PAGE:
Have you ever seen a small beaver somewhere in Metro Vancouver?
If you didn't get a close look, it might not have been a beaver.
Muskrats (Ondatra zibethicus) look strikingly similar to beavers, albeit smaller and with some notable differences.
Megan Manes, Public Environmental Educator at the Stanley Park Ecology Society (SPES), tells Vancouver Is Awesome that the two animals share a great deal in common but there are ways to tell them apart.
While they are both brown, semi-aquatic rodents, the SPES conservation technician noted that their tails are completely different. Beavers have wide, flat tails, while muskrats have thin, tapering tails. Also, beavers are larger and have more prominent ears.
Muskrats don't build dams — but they do build domes
Aside from their appearance, the rodents also share a striking behavioural difference. Beavers build dams, muskrats don't.
As winter approaches, muskrats build domes out of frozen vegetation to cover holes in the ice, explains the Alberta Institute for Wildlife Conservation. "These miniature lodges are used as resting places during underwater forays and as feeding stations."
Both beavers and muskrats are adept in the water and can hold their breath for an impressive amount of time. Additionally, both animals' teeth stick out in front of their lips so they can chew underwater without swallowing gulps of it.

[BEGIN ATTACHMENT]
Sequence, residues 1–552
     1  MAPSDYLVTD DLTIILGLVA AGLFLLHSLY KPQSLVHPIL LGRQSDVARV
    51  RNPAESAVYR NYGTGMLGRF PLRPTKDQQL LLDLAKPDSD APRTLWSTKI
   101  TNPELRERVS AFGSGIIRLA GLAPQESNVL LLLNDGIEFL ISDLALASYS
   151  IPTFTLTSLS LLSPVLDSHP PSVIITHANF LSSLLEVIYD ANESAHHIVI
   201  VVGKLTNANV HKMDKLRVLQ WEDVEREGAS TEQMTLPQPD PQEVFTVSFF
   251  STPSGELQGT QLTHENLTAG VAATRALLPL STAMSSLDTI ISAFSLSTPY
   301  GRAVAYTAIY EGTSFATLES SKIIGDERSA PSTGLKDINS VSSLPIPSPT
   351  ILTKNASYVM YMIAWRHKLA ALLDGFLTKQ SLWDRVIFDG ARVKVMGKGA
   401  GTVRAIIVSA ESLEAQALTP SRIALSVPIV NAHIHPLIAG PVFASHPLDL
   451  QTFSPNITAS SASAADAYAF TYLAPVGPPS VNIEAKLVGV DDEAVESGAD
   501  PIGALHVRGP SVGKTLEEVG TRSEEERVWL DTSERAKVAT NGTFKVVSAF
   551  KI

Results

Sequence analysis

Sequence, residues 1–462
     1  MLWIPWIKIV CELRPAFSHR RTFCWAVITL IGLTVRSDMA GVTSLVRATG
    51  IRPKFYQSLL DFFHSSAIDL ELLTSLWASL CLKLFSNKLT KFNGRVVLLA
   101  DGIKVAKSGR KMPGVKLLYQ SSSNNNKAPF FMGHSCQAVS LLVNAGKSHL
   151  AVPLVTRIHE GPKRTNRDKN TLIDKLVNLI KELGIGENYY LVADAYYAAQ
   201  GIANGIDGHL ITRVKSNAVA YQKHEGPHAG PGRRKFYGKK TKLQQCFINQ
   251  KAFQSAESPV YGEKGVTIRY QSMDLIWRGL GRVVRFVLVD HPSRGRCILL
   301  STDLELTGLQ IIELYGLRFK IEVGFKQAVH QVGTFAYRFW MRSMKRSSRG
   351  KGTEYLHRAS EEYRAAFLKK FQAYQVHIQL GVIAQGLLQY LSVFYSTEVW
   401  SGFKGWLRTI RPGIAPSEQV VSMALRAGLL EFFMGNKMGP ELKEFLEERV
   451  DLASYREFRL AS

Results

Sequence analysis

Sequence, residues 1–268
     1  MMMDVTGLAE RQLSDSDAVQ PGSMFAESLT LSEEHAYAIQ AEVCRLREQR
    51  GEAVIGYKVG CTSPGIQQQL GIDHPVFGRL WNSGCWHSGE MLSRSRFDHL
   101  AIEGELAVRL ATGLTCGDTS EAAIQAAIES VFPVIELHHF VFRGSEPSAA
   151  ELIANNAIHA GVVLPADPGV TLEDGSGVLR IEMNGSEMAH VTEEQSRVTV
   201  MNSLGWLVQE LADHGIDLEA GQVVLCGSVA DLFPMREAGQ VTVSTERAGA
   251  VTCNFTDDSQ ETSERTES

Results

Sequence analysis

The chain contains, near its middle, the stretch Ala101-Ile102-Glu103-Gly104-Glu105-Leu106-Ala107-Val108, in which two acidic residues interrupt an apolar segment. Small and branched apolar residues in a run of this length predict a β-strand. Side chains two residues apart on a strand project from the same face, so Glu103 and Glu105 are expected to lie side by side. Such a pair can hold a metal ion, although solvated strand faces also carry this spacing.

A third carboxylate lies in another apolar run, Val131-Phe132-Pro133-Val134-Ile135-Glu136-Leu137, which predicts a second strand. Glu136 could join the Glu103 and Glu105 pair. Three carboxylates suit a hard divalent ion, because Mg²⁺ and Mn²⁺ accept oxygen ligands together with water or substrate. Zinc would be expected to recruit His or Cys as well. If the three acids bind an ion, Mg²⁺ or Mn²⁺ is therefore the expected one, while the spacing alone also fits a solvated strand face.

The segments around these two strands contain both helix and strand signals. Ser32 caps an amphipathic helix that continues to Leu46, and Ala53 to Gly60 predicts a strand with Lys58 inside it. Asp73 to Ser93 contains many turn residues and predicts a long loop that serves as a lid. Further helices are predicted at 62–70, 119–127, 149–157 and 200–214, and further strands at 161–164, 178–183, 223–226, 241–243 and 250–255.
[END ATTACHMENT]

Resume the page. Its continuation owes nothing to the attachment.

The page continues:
According to the SPES records, muskrats have been spotted in Stanley Park prior to 1979. Although they are seldom seen in Stanley Park, when they have been spotted it has been near Beaver Lake.
A Summary of Historical and Current Occurrence Records notes that muskrats are found "present in Jericho Park, golf course ponds in Southlands area, and Beaver Lake." They were also observed at the mouth of Spanish Bank Creek and were considered abundant everywhere along the lower Fraser River.
These beavers came to a Stanley Park lake after a 60-year hiatus
Known for building large dams, lodges, and canals, you're more likely to see evidence of beavers than you are to spot one of the large rodents. So, when the first beaver was spotted in Stanley Park's Beaver Lake in over 60 years, it made a considerable splash.
In 2008, the first semi-aquatic herbivore mysteriously appeared in Beaver Lake after an extraordinary hiatus. No one knows how it got there, but a second one joined it in 2011. Afterward, the pair had kits.